Level 3 gowns provide enough liquid barrier protection for medical procedures with a moderate risk of bacterial exposure. Emergency room doctors and nurses wear this type of gown for invasive procedures such as intravenous (IV) insertion and trauma cases. Level 3 gowns are resistant to splatter and soakage, protecting the wearer against direct, indirect, and airborne bacteria.
Level 4 Gowns
These protective gowns are designed and tested for use in high-risk medical procedures, where infectious disease and harmful pathogens are suspected. They offer the highest level of barrier protection of all gowns and are worn frequently for major surgery and fluid-intensive procedures.
Throughout the COVID-19 pandemic, level 4 garments have been in high demand as the risk of disease transmission in healthcare settings is high. Level 4 gowns are proven to prevent fluid penetration for up to one hour.
Different Types of Medical Gowns
As specialized medical devices, hospital gowns are not standardized. They are made from different materials and provide varying levels of protection. The FDA recognizes three main gown designs. The type of medical gowns you choose should be based on patient and staff needs within the facility.
Surgical gowns are regarded as Class II medical devices and require a 510(k) premarket notification. This means that the manufacturer must give the FDA enough time before the product’s release to determine if it is safe and effective. All surgical gowns must be clearly labeled for fast and easy recognition.
Since they must be used for invasive procedures, surgical gowns offer adequate protection for minimal to high-risk medical scenarios. Surgical gowns have a critical zone of protection on the front of the gown, shielding the most vulnerable parts of the body during surgery, from the top of the shoulders to the knees and from the elbows to the wrist.
Isolation gowns are available in all four different protection levels. The unique characteristic of isolation gowns is their critical zone of protection. Apart from the hems, cuffs, and bindings, all gown parts are regarded as critical zones.
Some isolation gowns are approved for surgical procedures and are given a Class II medical device categorization, meaning they must also receive a premarket notification.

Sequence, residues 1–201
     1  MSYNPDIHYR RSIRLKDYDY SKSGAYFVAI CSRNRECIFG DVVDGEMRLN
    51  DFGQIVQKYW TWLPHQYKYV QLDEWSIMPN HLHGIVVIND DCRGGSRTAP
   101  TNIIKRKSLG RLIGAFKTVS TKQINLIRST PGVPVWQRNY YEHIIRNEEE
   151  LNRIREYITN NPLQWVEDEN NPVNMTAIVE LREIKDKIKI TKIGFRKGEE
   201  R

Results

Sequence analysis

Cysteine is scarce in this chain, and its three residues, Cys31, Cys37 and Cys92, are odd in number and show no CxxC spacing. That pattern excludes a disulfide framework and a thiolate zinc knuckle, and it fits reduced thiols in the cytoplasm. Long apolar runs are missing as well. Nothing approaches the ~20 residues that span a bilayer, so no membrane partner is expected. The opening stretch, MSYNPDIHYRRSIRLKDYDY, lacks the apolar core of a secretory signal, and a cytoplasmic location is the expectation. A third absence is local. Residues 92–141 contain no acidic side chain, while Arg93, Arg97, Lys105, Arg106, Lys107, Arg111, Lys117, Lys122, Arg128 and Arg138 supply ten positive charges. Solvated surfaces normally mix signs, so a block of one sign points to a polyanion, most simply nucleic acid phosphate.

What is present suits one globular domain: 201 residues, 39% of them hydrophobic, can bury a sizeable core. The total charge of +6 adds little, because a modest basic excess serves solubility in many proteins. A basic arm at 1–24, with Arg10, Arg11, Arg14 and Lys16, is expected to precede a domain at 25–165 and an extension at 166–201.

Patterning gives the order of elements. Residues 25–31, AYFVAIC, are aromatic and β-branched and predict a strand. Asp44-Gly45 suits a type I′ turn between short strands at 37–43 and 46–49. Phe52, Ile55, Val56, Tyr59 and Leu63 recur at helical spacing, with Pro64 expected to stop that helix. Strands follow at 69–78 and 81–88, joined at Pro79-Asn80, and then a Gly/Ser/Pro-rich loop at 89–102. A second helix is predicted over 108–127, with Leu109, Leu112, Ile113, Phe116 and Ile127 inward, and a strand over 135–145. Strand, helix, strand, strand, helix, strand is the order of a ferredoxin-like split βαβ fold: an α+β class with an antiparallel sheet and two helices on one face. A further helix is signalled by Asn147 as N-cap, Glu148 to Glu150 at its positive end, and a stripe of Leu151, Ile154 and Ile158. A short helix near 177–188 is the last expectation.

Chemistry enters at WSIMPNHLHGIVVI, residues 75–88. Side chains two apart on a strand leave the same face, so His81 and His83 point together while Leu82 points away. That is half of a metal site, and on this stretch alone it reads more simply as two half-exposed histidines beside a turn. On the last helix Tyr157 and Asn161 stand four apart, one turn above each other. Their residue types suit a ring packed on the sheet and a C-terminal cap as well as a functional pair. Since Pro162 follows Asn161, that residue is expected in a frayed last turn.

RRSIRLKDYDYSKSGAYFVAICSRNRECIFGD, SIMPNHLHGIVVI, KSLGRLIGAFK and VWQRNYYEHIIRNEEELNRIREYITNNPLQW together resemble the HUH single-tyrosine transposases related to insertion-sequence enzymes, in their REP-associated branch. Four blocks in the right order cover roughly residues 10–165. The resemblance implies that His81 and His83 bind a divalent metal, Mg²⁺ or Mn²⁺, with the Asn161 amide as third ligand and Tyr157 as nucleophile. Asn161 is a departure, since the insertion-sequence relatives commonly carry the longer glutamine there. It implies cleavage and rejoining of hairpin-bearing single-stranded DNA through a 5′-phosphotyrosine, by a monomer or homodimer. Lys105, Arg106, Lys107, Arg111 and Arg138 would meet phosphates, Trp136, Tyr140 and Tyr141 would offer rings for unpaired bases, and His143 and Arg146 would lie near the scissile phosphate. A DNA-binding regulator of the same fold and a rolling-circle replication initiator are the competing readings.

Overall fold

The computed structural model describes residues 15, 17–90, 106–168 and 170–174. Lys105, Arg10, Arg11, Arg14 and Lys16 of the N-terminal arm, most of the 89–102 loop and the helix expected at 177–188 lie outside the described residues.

Non-surgical gowns are Class I medical devices, meaning they are exempt from premarket notification. These gowns shouldn’t be worn for invasive procedures like surgery. When choosing a non-surgical gown, the most important factor is that it covers enough of the body as the task requires.
Other Factors to Consider When Selecting Medical Gowns
When selecting medical gowns, the most important consideration is that they are appropriate for the purpose and offer the wearer adequate protection from potentially harmful pathogens. Ensure all PPE is FDA-approved and thoroughly tested.
Medical gowns must fit the wearer perfectly. Consider the size of employees when purchasing a fresh supply of PPE. If there is a shortage of fitted gowns, universal sizes should be purchased as a backup.
All staff must be trained how to use PPE effectively, particularly when donning and doffing medical gowns. During application and removal, medical personnel may be more vulnerable to disease transmission.
Find High-Quality, FDA-approved Medical Gowns at ICU Productions Inc.
Maintaining safe sanitation standards is crucial in any medical setting. Ensuring you have enough medical gowns of the right type, size, and liquid barrier protection level helps keep your staff, patients, and visitors safe from the transmission of disease and harmful bacteria.
At ICU Productions Inc., we provide FDA-approved gowns from levels 1 to 4. We also stock other quality PPE, including masks, face shields, gloves, and hand sanitizers, so you can find everything you need from one source. Visit our online store to browse our full range of PPE equipment.